Morocco Must Respond to Spain’s Arrogance

Washington, DC— Spain’s reckless decision to welcome the Polisario separatist leader is a slap in the face of Moroccan officials who have reconciled Madrid’s diplomatic “sensibilities” over the years. While the late King Hassan II threatened to lay down the red carpet for the Catalan secessionists, Morocco never actively engaged the Spanish separatist groups. The […] The post Morocco Must Respond to Spain’s Arrogance appeared first on Morocco World News.

Morocco Must Respond to Spain’s Arrogance

Washington, DC— Spain’s reckless decision to welcome the Polisario separatist leader is a slap in the face of Moroccan officials who have reconciled Madrid’s diplomatic “sensibilities” over the years.

While the late King Hassan II threatened to lay down the red carpet for the Catalan secessionists, Morocco never actively engaged the Spanish separatist groups. The time has come to set up a Catalan liaison office in Rabat.

The decision to admit Brahim Ghali, a convicted war criminal who entered Spain under an assumed name and a fake Algerian diplomatic passport, was not a failure of policy making, it was rather a well-calculated decision by the Sanchez government to assist and bolster the Polisario separatist guerrilla. Such acts exemplify Madrid’s hostile conduct.

Morocco has the right to reciprocate and assist persecuted Catalan leaders in Spain, to reduce intelligence cooperation and to revive its historic claims on the occupied cities of Ceuta and Melilla.

Today’s combative, but economically beneficial diplomatic relationship has helped Spain and hurt Morocco. Only an increasingly antagonistic Moroccan foreign policy, though harmful for both parties, will find an echo in Spain’s political establishment. Indeed, the Moroccan government was right to delay the high-level talks between the two countries until further notice.

In receiving Ghali Madrid is waging a war of attrition against his neighbor to the south. Had Prime Minister Sanchez and his government been concerned by Morocco’s sensitivities, they could have alerted Rabat.

Read Also: Moroccan FM: Is Spain Ready to Sacrifice Relations With Morocco for A War Criminal?

Foreign Minister Arancha González Laya’s decision to plot with the Algerian military against Morocco must have momentous political and security implications. Rabat must free itself of its historical demons and support an aggressive foreign policy with every option on the table.

The message of the Spanish political establishment is clear: We actively support the armed Polisario militia, our policy in the Maghreb aligns with the Algerian military government attempts to fuel the Western Sahara conflict, and Morocco is a long-term foe. Morocco requires a bolder approach.

It is insulting and demeaning to hear Ms. González Laya state: “Spain’s position in Morocco is strategic and has not changed” when she is conspiring with Algerian military intelligence to persist the ongoing attacks on Moroccans in the Wesner Sahara.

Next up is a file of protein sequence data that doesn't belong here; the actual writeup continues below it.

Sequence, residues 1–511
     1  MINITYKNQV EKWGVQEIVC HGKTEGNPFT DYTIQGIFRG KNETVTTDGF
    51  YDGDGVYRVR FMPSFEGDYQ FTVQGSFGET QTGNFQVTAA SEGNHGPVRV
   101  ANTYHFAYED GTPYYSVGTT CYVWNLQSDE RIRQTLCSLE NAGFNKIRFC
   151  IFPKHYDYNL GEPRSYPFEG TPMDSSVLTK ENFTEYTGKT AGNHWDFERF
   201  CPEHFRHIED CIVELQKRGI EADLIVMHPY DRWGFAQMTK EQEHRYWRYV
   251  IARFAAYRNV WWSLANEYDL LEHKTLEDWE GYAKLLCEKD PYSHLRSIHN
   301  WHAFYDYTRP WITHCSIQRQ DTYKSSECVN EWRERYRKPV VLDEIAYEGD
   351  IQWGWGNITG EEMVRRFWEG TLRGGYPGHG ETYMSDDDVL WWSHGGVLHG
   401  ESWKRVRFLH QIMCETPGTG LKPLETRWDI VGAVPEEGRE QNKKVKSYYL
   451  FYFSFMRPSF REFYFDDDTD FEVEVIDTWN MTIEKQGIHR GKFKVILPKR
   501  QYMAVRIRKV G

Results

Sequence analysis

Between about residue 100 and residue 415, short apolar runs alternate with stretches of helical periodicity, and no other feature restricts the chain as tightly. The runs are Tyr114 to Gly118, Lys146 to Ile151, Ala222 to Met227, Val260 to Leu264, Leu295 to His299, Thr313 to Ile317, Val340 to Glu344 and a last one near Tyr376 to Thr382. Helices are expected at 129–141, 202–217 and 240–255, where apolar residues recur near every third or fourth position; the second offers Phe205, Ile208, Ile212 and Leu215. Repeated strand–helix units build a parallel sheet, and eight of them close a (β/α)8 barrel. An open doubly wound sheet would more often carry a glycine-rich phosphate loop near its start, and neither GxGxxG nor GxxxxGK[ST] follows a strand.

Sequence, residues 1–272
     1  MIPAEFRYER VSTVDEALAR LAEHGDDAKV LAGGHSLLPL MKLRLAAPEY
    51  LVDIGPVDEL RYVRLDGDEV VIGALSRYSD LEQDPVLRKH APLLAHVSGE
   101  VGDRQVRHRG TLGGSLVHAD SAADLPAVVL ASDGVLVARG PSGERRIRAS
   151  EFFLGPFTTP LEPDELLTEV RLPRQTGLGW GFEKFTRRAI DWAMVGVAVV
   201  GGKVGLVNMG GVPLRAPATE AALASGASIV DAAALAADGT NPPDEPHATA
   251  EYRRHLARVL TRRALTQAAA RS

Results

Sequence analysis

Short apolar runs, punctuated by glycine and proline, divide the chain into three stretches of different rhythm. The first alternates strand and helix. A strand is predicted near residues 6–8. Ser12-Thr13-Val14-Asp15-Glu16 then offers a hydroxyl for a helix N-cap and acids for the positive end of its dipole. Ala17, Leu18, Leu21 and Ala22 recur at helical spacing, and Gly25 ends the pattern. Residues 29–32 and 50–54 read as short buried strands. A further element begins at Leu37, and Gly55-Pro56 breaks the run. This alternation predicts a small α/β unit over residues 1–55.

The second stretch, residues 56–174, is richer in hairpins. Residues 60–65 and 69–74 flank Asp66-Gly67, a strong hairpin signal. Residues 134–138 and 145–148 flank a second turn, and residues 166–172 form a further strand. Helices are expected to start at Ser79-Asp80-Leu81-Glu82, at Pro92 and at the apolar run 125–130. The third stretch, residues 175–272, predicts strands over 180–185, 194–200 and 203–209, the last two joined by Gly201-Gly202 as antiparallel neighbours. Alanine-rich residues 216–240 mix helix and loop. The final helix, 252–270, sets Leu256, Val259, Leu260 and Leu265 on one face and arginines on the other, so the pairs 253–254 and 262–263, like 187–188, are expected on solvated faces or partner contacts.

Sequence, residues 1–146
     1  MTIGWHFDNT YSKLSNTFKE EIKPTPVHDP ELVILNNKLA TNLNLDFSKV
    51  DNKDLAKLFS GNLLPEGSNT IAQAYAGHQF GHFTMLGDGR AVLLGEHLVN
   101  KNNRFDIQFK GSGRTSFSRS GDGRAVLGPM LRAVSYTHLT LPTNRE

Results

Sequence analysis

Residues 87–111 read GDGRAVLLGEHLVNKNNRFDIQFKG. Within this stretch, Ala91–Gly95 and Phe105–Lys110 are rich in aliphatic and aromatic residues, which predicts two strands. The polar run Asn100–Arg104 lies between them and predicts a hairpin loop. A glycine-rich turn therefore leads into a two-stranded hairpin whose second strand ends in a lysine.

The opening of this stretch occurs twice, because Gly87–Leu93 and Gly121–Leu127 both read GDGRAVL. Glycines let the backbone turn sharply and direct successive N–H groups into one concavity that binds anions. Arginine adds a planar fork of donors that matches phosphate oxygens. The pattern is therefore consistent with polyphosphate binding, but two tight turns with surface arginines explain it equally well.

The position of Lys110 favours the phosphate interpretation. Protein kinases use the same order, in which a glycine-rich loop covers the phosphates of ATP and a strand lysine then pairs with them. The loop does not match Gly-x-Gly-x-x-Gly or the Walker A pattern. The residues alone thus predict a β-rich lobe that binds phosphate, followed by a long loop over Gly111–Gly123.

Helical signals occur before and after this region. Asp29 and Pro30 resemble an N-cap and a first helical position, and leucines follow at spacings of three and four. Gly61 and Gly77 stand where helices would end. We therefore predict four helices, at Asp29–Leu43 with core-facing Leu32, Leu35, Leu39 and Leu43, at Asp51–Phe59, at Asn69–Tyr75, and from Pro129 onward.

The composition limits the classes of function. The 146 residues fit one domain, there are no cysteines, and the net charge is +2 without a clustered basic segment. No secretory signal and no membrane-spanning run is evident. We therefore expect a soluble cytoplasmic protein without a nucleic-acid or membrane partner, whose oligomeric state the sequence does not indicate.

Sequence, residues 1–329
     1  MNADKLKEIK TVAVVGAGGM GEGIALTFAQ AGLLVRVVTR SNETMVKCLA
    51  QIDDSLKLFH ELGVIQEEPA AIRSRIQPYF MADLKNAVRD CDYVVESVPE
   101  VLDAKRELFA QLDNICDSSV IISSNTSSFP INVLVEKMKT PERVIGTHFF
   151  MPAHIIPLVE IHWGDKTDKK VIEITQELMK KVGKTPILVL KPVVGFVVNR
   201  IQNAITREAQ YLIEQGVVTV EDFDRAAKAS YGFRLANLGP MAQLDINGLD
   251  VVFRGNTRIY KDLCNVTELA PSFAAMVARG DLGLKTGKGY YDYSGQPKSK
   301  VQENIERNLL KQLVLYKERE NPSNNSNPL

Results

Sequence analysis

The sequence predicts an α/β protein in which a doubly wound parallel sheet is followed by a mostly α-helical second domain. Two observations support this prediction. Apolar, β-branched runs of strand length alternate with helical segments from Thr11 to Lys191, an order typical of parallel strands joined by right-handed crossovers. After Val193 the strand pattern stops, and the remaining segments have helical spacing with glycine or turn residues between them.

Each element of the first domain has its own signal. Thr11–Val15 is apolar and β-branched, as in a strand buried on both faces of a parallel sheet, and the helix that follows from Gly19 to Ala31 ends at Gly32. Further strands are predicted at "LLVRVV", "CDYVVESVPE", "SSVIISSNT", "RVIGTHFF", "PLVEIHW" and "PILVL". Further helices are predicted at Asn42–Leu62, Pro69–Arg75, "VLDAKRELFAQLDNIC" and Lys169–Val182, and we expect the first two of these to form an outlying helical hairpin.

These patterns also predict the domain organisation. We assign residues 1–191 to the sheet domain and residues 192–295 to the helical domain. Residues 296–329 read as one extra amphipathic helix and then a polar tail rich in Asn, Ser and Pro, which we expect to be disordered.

Moroccans can clearly see Spain’s hostile positions in the Western Sahara conflict. From lobbying to reverse the American positions to contriving with the Algerian military to move the leader of the Polisario to Spain, Madrid has shown its true colors.

Spain’s recent adversarial trends foretell steadily worsening relations in the long term, with progressively adverse consequences on Spain’s national security. The Spanish government actions are emphatically contributing to this dangerous worsening of relations.

Spain hosts dozens of pro-Polisario organizations that actively support the Algerian agenda in North Africa, while Moroccan leaders are afraid to let Moroccan NGOs get closer to Catalan nationalists.

There has been a persistent mistaken assertion in Madrid that Morocco is too weak to cross certain diplomatic redlines. But as the new Morocco-Israeli alliance and the recent Moroccan military activities in Western Sahara have shown, Rabat is ready to take risks and able to fight on more than one front.

Moroccan officials need to concede that old assumptions about their special relations with Spain’s are wrong. Difficult diplomatic choices, and not amicable economic and development cooperation, will ultimately determine how the relationship will evolve.

Spain cannot set out its agenda with Morocco with the perceived achievable goals and leave aside contentious issues where there can be no agreement. Rabat should not discuss terrorism and immigration without considering the views of Madrid in Western Sahara and the long-term status of Ceuta and Melilla.

In fact, The Spanish political establishment must recognize the swift and dangerous decline in the relations with Morocco and take serious corrective measures to avert an impending mishap.

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